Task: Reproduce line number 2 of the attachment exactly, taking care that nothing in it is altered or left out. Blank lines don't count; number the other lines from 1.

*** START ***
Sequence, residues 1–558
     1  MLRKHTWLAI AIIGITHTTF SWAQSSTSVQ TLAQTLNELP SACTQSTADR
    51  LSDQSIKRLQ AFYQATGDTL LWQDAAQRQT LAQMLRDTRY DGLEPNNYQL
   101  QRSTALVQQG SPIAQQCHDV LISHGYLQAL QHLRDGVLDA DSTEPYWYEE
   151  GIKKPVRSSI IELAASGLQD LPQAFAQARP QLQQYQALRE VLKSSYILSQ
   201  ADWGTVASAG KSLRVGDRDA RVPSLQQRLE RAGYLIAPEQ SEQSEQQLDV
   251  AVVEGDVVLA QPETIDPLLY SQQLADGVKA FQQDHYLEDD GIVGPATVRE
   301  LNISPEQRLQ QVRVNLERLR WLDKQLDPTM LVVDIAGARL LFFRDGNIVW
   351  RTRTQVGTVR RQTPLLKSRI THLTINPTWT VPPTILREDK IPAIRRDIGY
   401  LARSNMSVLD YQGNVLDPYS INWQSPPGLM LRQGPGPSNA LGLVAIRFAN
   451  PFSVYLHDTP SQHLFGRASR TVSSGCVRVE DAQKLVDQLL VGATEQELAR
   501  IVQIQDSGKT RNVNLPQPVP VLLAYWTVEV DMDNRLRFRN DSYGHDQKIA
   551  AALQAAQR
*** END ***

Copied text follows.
     1  MLRKHTWLAI AIIGITHTTF SWAQSSTSVQ TLAQTLNELP SACTQSTADR